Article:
Konichiwa from Osaka, Japan.

Trip Start Mar 15, 2008
Trip End Oct 02, 2009

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Flag of Japan  ,
Saturday, April 5, 2008

Ben reporting: Japan fulfils all of the opposing clichés the West associates with it: The people are quiet, reserved and ritualistic, there's an indecipherable craziness to Japan and the traditions go hand in hand with an enviable technical superiority.

We arrived in Osaka at 7:30 am, Japan time. This was after waking up at 5 am the previous day to catch a train from our beach-side hostel in Thailand, to take a 5 hour, 3rd-class train ride in un-air conditioned carriage, only to have an 8 hour wait at the Bangkok airport before boarding our midnight flight. So, another sleepless 24 hours.

We arrived in Osaka and made a difficult journey from the station to the city. They don't speak English much in Japan, so finding a hostel and deciphering the directions, plus train times and directions, was very difficult on less than no sleep. We finally tracked down our place to stay though.

Our cramped little room on the 6th floor had three-levelled bunks, but luckily we were the first to book in so bagged the bottom bunks each. After some sleep we set off for a look around Osaka, and my personal first impression of Japan.

First thing to note: There are vending machines about every ten metres in Japan. No kidding. You can't walk down one street, or past one monument, park, shop etc. without coming across a vending machine. Even more strange is that most vending machines range pop-top cans of various types of coffee. There's usually black, white, latte, espresso, gold, etc and these aluminium mini cans come hot as well! Each can costs about 120 Yen, which is about $1.35. Good value. Most of these machines have cola in them, usually Coke, as well, and water etc. But that's all par for the course.

Japan is a very clean place, there's no rubbish anywhere, and no bins in public, as if they're trying to deny the existence of rubbish. The people so far have been very polite and friendly, very helpful but not pushy. Good to deal with. Osaka was not too busy, but only a population of 2.4 million, twice that of Adelaide but less than Bangkok.

Osaka was flattened during WWII in bombing raids, so has been rebuilt with modern concrete mini-apartments giving the city a neat but characterless feel.

We wandered around the town, got some dinner at the first place we came to that had English on the menu (it was still Japanese though), and then wandered down a side street and, lo-and-behold, saw a building with large Australian flags waving from it's frontage. We decided we had to inspect, so took a look inside and found an Australian themed bar, with Aussie drinks, food and even an Aussie bartender. We had a couple of bottles of Coopers and a good chat to Blake, who was from Perth via Sydney, and left feeling all the more at home in Japan!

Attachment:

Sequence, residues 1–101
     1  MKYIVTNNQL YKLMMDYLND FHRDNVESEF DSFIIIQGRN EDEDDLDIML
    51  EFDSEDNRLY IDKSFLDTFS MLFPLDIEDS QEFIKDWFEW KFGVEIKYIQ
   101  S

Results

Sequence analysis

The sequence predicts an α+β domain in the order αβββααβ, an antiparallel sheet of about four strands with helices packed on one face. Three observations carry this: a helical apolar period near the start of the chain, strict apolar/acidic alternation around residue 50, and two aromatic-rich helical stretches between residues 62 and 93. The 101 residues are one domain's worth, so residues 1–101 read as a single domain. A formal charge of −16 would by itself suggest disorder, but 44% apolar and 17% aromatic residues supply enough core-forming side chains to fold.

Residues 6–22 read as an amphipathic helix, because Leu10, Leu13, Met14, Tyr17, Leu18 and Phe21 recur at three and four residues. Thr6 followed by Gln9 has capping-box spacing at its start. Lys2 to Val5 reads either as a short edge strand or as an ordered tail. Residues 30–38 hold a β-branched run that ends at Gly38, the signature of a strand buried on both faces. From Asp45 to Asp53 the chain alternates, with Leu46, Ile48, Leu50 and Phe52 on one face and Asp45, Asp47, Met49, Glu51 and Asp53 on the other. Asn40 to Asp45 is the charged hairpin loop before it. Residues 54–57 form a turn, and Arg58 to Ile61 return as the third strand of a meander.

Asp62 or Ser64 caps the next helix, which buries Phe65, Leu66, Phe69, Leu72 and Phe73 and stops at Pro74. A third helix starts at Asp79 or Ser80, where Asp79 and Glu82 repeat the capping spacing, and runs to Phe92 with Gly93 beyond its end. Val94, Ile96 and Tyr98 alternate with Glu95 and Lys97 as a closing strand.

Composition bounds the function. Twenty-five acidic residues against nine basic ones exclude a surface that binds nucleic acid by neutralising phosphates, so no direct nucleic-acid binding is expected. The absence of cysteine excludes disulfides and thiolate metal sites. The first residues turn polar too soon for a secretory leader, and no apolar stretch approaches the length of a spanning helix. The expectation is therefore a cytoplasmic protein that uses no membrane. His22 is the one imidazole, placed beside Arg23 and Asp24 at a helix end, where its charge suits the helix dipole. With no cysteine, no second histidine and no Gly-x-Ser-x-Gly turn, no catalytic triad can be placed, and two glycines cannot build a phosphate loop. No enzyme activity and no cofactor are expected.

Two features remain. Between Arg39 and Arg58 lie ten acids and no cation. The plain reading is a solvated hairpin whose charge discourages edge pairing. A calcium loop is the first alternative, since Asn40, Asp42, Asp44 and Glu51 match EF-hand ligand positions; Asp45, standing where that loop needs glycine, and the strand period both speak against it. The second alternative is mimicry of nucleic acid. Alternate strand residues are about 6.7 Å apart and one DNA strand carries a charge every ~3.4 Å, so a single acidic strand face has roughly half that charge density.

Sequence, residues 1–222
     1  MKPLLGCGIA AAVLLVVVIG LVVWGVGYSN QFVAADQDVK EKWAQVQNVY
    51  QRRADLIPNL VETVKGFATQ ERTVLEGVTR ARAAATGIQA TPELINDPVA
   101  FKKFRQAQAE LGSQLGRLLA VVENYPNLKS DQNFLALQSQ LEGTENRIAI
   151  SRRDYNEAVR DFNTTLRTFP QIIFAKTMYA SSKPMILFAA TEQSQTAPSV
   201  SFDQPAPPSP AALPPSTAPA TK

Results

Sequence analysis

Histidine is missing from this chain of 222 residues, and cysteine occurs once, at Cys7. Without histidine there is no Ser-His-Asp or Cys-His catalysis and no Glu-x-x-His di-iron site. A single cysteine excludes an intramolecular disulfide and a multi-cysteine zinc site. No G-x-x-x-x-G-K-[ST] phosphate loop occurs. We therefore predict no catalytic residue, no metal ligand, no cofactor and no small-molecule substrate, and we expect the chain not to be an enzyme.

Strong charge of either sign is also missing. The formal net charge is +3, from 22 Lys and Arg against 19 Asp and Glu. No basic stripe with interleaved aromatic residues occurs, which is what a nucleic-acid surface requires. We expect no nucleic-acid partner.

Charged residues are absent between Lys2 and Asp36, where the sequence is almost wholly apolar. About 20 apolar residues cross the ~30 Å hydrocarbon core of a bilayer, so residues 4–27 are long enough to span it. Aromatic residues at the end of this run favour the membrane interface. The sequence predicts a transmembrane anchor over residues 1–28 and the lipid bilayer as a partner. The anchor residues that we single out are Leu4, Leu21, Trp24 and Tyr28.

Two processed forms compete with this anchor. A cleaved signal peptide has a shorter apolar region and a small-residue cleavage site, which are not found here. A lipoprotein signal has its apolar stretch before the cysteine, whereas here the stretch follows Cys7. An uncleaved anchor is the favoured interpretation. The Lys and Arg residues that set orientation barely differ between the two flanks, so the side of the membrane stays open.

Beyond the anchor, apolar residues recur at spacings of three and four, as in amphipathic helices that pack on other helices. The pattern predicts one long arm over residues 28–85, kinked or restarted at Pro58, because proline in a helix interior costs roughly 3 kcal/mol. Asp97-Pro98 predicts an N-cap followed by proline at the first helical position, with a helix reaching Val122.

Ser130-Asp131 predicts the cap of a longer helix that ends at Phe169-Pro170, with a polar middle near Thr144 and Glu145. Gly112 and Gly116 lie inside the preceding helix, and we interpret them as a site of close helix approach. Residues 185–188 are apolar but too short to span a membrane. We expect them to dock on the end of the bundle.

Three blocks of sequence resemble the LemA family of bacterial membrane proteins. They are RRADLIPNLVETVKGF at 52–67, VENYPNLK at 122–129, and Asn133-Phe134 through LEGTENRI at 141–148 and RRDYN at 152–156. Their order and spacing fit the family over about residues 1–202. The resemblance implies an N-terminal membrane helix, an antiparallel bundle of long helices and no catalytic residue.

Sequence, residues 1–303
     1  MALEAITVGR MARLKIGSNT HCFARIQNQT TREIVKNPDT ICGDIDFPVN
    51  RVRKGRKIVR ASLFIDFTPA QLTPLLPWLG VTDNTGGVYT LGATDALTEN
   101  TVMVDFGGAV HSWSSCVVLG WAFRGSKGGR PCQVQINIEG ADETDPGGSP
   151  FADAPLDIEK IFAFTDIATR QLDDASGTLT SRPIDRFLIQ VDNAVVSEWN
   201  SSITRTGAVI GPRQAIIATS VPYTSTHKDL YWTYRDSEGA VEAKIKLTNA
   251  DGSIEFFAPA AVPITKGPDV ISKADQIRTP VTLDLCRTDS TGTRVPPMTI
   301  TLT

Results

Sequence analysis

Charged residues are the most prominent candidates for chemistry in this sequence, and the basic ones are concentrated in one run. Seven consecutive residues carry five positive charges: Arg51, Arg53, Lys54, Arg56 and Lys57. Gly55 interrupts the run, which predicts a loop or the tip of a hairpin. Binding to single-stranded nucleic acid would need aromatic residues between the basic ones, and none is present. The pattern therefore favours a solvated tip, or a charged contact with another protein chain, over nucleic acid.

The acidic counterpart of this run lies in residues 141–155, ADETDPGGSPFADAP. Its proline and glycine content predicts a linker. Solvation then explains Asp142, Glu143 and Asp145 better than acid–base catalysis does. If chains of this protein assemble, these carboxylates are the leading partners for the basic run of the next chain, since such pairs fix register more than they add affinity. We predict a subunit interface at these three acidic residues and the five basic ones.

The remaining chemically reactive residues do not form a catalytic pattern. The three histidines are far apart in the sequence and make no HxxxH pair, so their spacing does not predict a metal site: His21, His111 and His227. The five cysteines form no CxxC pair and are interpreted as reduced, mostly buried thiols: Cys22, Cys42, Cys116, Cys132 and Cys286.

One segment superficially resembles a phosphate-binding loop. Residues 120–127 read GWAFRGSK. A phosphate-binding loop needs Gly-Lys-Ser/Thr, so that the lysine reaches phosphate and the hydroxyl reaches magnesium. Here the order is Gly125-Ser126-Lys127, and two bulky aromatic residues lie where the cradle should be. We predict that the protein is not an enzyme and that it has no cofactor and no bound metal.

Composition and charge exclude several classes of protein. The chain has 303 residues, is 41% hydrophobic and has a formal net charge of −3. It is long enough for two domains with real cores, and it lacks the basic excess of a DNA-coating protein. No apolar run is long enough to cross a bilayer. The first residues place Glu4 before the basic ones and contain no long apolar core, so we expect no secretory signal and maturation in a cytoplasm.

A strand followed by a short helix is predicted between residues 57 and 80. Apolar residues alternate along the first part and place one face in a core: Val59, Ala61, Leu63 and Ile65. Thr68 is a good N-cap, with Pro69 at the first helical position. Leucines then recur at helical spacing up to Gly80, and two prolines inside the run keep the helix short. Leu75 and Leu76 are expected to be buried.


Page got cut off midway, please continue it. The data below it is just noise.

On our first full day in Osaka we took the train into the city and visited a large park, which was booming due to the Cherry Blossom festival. The festival is the time during March - April in Japan where all of the Cherry Blossom's, well... Blossom and the whole country celebrates the immense beauty of the sprawling white trees that cover her from top to toe. The park we visited had many of the locals indulging in picnics underneath the Blossoming trees. Furthermore there was a restored castle in the middle of the park that gave us our first glimpse of Japanese history in a photographable manner.

We wandered around Osaka a bit more and eventually found the city centre. There, we were surprised to find a Ferris Wheel - boring right? But this one just happened to be on top of a building, and was the tallest Ferris Wheel in the world (not the biggest, but the tallest, got that?) Anyway, we went for a ride and got a nice, broad view of the whole of Osaka, well, most of the city anyway.

After that we found a 3 levelled video arcade and had a look around before hopping back on the train and heading home. One other interesting thing we saw in Osaka: There was this weird Japanese guy on the stairs at the train station, dressed in kooky clothes, with a fake Salvador Dali moustache and curly hair wig. He also had a red balloon tied to his leg and was dancing side to side to music played from an old fashioned tape recorder. He was shouting slogans in Japanese, which we couldn't understand of course, but he was attracting quite a bit of attention, so we assumed he didn't do this on a regular basis.

So that was Osaka. Next we headed to Kyoto, but every place we tried was full so instead we caught the train to the deep south of Japan to a little town called Beppu. You can read about the how and why in our next blog.

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ewie on

You guys have got to go and try kareoke in the kareoke places (not the bar) and Hel said to make sure you went into the game arcade and had a game of taiko for us too. (You know the big drums you see everywhere? We were sooo addicted to it.)

james on

@subske: i am also a beverages vending machine supplier (http://www.vendingpriceline.com ) and Japan was my wife's mother nation (feeling like Lennon-Ono now). you are right that there are differences. what you mentioned has more aroma than the latter. crisp and bitter too :D

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